Selling your medical Practice? Your Accountant says this.

Selling your medical Practice


February 8, 2021


5 mins

No matter the success of your medical practice, the time eventually comes to move on from the practice – due to succession, retirement or your next adventure. When that time comes, it pays to be prepared for the sale to achieve the most optimal exit and preparations can start right from inception.

There is much to consider when selling your practice in trying to secure the best deal for yourself, your staff, and your patients. When it comes to taxation though, there are two key matters:

  • what is being sold, and
  • which Capital Gains Tax concessions are available

What is being sold: Structure, Business, Assets

Determining what is actually being sold can be quite the challenge, depending on the structuring of your practice.

The most straightforward circumstance is where the practice is operated in a Company or Unit Trust structure and the ‘thing’ being sold is the Shares in the company, or Units in the unit trust. Where the structure is self-contained in this way, the sale of shares can effect the change of ownership in a single transaction.

As simple as the above may be, the buyer may not wish to acquire the inherent risk of an established Company or Unit Trust structure. In addition, most other structures cannot be easily sold. In these circumstances it is the business that must be sold from within the structure. This adds a layer of complexity, as it is no longer a single transfer of shares but the transfer of a large number of assets: Desks, computers, medical equipment, the building or a lease-transfer, goodwill, and others.

While this results in many moving parts, this also provides significantly more flexibility to the transaction. Assets which may have been held by separate entities can be sold into one, or one business can be acquired by multiple buyer entities. There may also be segments of your business you wish to retain or the buyer is not seeking to purchase i.e. your cars or the business premises.

These issues could be resolved by an appropriately considered restructure which takes advantage of tax relief available and results in a favourable pre-sale position.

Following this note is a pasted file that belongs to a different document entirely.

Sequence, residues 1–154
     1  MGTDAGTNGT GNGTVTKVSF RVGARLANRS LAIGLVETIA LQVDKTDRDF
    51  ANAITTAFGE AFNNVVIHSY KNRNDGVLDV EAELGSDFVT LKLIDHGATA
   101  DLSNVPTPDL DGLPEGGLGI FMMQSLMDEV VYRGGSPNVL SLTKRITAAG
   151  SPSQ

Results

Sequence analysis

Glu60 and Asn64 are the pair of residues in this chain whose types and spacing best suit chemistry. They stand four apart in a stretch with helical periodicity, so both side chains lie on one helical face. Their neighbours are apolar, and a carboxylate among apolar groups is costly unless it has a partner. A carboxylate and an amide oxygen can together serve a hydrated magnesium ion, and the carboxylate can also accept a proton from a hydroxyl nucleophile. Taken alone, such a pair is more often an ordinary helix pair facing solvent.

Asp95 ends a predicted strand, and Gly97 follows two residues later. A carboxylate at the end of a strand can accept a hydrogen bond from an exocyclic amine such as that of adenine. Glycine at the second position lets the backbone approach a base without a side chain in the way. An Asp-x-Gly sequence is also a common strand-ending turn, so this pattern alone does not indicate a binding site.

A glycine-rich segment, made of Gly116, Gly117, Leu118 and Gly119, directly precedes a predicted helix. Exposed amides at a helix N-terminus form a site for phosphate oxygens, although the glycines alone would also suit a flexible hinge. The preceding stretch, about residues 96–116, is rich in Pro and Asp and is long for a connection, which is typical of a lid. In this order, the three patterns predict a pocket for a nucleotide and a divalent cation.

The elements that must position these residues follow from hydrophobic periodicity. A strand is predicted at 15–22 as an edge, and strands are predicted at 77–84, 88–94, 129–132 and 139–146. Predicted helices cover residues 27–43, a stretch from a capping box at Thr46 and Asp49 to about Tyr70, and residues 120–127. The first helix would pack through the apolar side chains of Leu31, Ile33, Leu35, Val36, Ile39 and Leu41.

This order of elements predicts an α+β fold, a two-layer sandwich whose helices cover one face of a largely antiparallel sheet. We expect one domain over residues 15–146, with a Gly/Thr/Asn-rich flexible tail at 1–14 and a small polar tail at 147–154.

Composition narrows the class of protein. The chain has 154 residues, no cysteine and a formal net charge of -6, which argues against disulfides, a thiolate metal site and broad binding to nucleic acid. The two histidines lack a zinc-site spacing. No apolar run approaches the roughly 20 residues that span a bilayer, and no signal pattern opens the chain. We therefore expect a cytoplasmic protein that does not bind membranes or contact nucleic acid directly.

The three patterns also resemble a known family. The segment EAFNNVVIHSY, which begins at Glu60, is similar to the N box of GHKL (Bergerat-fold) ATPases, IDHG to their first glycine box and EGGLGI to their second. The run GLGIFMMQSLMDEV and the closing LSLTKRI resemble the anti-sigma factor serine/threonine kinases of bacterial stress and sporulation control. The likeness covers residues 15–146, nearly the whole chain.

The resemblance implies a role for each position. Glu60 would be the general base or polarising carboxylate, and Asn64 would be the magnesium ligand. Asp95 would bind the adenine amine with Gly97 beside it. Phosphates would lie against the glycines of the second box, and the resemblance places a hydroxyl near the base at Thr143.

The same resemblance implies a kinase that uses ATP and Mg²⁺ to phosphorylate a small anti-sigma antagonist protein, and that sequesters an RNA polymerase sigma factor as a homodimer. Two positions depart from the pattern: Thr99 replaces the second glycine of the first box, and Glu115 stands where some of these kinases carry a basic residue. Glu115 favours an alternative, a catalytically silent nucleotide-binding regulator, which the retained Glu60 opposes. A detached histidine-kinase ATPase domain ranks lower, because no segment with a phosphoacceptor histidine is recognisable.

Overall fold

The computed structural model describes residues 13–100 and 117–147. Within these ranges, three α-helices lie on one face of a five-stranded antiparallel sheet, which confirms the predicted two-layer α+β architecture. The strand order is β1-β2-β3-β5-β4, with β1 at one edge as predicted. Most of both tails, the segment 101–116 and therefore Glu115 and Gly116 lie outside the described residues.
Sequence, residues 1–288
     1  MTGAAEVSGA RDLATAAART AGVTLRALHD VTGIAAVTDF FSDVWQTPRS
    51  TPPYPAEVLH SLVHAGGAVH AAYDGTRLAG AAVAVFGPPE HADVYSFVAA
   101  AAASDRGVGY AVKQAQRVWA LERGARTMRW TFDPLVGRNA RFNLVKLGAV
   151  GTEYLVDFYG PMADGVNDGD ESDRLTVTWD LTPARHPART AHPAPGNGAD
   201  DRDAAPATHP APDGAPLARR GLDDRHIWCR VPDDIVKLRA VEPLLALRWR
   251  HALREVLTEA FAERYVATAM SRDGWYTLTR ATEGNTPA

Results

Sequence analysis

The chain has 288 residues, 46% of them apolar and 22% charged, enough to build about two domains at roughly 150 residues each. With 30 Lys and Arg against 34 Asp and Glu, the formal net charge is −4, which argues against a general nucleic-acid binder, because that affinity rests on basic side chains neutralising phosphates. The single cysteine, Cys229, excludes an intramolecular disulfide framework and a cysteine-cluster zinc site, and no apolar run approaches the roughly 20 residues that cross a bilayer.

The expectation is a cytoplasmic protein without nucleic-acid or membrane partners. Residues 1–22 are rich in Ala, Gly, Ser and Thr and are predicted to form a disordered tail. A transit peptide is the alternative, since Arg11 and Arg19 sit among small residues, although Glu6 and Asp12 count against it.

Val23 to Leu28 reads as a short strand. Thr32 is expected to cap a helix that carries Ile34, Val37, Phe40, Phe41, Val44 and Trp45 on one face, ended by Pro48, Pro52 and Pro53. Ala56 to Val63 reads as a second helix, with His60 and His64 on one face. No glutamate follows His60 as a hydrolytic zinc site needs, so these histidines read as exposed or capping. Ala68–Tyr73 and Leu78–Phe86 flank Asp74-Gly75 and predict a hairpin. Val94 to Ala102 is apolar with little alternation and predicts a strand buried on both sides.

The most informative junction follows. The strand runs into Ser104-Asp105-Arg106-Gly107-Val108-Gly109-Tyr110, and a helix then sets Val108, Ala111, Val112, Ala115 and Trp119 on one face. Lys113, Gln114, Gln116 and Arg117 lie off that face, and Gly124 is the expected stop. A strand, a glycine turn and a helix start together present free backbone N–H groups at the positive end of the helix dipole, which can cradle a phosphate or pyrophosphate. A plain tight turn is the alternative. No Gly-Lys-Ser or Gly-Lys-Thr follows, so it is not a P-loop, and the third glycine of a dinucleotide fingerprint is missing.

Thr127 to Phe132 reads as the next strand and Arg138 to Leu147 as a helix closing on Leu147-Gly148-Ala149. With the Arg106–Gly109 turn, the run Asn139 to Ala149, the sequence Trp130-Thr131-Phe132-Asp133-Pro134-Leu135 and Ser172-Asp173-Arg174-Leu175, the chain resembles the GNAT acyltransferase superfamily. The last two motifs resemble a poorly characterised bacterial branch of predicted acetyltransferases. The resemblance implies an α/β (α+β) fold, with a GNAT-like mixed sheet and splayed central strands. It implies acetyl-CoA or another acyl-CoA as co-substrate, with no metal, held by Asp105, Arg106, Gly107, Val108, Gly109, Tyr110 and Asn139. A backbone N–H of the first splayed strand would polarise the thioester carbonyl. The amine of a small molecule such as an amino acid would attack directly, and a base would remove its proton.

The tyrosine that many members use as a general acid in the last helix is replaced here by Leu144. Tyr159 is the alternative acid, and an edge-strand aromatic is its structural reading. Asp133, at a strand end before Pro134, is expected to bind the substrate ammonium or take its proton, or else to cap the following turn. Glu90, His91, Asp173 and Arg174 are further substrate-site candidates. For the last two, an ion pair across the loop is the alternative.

Capital Gains Tax (CGT) Concessions

The eligibility requirements for many CGT Concessions could alone be the subject of multiple articles. The focus below is on the key outcomes of utilising the concessions.

12-Month 50% Reduction

This concession is very straightforward.  If you have owned the business for more than 12 months, you can reduce the taxable gain on the sale by 50%. The catch here is that this concession is only available for individuals or trusts. This reduction is very significant, and if the medical practice is run in a company the decision to consider is whether to:

  1. Sell the company shares
  2. Sell the business held by the company and forego the 50% reduction
  3. Restructure to become eligible for the concession
Capital Gains Concessions and tax deductions for medicos
Capital Gains Concessions and tax deductions for medicos

Small Business Concessions

These consist of four separate concessions. To be eligible, your practice must have an annual turnover of $2 million or less, or pass the $6 million net asset test. Depending on your circumstances, these concessions can provide a substantial reduction in tax payable.

  • CGT Free – 100% CGT reduction is available if you have owned the practice for 15+ years, and the sale is in connection with your retirement.
  • $500K CGT Exemption – A lifetime cap of $500,000 per person, so long as you are 55 or over or deposit the exempt amount into a superfund.
  • CGT Deferral – Available for two years if you acquire or intend to acquire a replacement commercial asset.
  • Extra 50% CGT discount – This can be applied in addition to the 12 month 50% reduction for a combined total 75% CGT exemption.

The Australian tax system provides significant CGT concessions that can be accessed when selling a medical practice. Getting the most out of these requires careful planning during the lifecycle of the business. Therefore seeking timely professional advice regarding the structure of your practice can yield positive results when the time comes to take your leave.

Article written by Oggy Georgiev of  Moore Australia (QLD/NNSW), an accounting firm offering a comprehensive range of services to medical professionals.

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